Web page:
Embattled producer Rudin will remain as an advisor at Little Island, a $250 million island-park backed by Gov. Cuomo and media mogul Diller, despite a slew of abuse allegations. The space is set to soon open along the Hudson River.


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COVID and Cabin Fever Inspire New Uses of NYC Outdoor Space This Summer

Brand new park space, a return to summertime classics and — of course — skirmishes about how to use streets and sidewalks will mark the 2021 hot weather season. Here’s what to look out for while you’re out and about.

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Dream of Connected NYC Greenway Re-Envisioned as Path to COVID Recovery

Fans of foot power are hoping President Biden’s $2 trillion infrastructure plan can help link the disjointed system of bike and footpaths across the five boroughs. The idea’s gained momentum amid the pandemic bike boom.

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Restoration of Red Hook Rec Center Finally Moving Forward Following Sandy Damage

Nearly a decade after the superstorm, the Parks Department seeks architect to fortify historic sports hub. Meanwhile, surrounding ballfields remain fenced off for epic toxic soil cleanup.

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NYPD Still Babysitting Christopher Columbus Statues on Taxpayer Dime

Monuments to Christopher Columbus in the city remain under 24/7 police protection 10 months after nationwide protests ignited a renewed focus on historic symbols of oppression.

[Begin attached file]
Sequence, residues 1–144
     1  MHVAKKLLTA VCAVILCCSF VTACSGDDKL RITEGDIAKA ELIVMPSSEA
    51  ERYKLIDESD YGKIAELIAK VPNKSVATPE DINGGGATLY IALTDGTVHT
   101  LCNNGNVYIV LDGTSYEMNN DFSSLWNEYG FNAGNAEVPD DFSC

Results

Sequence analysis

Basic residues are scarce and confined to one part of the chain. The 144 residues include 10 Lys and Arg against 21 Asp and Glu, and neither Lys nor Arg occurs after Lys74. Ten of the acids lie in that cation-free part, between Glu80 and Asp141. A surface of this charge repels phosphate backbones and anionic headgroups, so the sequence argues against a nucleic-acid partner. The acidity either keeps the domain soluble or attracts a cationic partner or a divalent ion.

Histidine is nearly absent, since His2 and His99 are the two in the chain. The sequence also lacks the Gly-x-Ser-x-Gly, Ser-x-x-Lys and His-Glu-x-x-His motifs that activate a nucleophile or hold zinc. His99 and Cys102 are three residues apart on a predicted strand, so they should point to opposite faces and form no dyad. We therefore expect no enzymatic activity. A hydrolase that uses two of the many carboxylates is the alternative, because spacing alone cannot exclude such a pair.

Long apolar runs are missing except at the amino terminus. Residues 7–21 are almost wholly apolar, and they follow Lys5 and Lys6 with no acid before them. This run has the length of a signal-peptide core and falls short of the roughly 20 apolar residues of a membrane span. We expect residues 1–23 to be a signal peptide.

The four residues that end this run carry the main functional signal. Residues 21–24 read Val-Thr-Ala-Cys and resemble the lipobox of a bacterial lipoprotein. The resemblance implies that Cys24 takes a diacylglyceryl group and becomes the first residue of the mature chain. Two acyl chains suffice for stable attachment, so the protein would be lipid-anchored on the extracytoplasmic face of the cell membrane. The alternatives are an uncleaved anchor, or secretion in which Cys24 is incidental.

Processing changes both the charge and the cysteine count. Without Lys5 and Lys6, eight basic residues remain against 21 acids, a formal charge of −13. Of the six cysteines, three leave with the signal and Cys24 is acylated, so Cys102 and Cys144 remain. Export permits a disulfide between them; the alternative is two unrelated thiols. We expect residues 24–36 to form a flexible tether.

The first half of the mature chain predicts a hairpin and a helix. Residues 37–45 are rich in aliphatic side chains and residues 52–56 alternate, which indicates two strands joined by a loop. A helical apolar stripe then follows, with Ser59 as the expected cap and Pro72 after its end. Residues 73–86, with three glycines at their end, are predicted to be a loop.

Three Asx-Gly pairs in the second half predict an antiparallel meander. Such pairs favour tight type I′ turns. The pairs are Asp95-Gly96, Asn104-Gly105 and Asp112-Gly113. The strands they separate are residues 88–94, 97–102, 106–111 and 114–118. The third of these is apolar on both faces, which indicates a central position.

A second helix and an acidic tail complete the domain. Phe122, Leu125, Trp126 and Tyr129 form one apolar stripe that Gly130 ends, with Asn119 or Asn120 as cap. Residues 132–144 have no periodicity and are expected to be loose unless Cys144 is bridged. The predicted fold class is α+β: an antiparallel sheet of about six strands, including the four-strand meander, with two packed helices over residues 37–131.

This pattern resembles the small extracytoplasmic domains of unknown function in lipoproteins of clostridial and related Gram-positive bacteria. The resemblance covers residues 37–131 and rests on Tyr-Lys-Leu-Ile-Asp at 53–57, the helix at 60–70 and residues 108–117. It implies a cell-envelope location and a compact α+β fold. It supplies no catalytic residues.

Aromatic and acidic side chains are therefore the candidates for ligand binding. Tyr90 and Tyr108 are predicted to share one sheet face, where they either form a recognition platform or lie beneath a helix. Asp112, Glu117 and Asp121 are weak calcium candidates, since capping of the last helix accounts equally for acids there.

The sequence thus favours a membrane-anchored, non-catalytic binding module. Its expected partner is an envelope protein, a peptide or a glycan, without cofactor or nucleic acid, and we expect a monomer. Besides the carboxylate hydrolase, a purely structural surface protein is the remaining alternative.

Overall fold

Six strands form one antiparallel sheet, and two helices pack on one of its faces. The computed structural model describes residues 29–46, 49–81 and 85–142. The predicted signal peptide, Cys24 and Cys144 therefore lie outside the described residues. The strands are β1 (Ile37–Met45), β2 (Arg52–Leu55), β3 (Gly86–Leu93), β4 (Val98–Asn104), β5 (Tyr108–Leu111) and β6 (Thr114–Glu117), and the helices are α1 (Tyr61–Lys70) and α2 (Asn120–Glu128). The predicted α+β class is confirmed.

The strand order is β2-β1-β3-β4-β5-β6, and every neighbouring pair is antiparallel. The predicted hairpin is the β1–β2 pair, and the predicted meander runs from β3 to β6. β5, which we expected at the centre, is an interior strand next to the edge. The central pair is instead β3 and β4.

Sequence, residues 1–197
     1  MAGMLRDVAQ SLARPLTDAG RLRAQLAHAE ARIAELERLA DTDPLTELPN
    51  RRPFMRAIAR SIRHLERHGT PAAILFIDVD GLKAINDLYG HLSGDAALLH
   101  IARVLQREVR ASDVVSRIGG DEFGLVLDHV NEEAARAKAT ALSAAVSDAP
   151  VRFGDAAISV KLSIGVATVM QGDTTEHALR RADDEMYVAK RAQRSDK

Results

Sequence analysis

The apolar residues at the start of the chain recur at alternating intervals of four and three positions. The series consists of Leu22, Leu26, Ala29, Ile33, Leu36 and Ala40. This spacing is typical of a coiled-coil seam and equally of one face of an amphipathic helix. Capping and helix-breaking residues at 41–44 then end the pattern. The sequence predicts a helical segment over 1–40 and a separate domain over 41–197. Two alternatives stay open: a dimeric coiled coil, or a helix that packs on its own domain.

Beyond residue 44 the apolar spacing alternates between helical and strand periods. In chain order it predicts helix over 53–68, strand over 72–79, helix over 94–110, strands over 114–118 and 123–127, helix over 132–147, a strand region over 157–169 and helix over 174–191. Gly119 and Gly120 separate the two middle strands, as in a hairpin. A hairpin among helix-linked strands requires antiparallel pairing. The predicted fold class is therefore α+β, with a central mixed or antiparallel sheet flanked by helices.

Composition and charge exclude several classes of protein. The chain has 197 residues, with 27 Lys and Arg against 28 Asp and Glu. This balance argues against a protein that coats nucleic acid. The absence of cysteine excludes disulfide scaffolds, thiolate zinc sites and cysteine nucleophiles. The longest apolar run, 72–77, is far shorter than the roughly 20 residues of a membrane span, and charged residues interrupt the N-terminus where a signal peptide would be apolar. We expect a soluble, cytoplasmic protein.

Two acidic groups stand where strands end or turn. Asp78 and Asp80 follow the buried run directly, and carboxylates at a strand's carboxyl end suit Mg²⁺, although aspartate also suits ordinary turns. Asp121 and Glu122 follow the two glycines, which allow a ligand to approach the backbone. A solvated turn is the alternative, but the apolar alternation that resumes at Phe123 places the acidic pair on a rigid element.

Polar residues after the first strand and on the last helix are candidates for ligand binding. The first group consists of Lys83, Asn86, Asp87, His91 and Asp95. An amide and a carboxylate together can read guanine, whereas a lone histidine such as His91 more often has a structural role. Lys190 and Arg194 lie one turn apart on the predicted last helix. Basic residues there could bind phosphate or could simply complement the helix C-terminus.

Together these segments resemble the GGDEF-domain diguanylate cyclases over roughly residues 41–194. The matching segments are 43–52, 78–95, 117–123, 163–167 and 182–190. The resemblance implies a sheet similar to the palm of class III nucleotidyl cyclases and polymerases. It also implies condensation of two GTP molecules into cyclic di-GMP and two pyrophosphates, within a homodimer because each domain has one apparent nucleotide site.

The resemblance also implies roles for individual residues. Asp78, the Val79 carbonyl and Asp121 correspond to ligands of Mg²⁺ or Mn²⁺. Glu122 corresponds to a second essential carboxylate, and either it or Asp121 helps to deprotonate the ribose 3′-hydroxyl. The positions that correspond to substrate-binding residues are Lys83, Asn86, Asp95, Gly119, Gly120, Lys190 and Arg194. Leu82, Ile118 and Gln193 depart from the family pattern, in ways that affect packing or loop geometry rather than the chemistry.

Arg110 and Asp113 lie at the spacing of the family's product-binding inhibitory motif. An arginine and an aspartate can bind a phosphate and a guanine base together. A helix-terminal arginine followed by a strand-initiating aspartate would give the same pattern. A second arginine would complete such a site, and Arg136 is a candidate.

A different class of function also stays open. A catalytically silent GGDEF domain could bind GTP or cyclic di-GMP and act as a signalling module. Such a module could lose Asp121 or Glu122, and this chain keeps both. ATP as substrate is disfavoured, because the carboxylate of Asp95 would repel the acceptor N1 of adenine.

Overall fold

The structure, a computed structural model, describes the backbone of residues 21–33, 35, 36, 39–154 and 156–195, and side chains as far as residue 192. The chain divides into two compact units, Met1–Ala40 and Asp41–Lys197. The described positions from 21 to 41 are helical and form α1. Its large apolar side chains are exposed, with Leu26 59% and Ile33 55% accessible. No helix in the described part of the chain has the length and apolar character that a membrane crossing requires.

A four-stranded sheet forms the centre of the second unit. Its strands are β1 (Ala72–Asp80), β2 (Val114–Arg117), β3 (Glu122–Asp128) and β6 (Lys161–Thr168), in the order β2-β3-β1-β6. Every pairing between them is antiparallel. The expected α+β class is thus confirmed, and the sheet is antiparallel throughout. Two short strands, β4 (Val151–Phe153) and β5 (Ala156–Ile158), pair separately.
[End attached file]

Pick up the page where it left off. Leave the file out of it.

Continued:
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What’s the Big Idea for Governors Island? A Climate Research Hub and New Development

Leaders on the island have floated grand plans for the harbor retreat, including a center for climate change education. Finding a partner to build and operate the resiliency hub, however, remains a hurdle.

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Central Park’s Iconic Boathouse Restaurant Shutters With 163 Permanent Layoffs

The lakeside eatery and its famous row boats have been shut since mid-March. About six months later, owner Dean Poll let go of the staff for good, according to a state labor department notice.

Trash-Talking New Yorkers Come Together to Clean Up NYC, Litter-ally

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‘Staff Error’ Led to Padlock on Bronx Home to Contested Columbus Statue, Says Parks Dept.

Petition seeks to remove monument carved by an Italian immigrant, sited in the borough’s Little Italy and under police watch.

Wedding Business Is Blooming for NYC Garden Venues

Botanical gardens, many of which just recently welcomed back guests as "low-risk" attractions in Phase 4 of the city’s reopening, are reporting brisk business for last-minute, open-air nuptial celebrations.

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Judge Tosses Lawsuit, Paving Way for Burial and Rebuilding of East River Park

Locals argued the flood protection project would destroy the Lower East Side waterfront space, and demanded more review. A judge dismissed their claims, saying the resiliency revamp won’t permanently affect the Manhattan park’s use.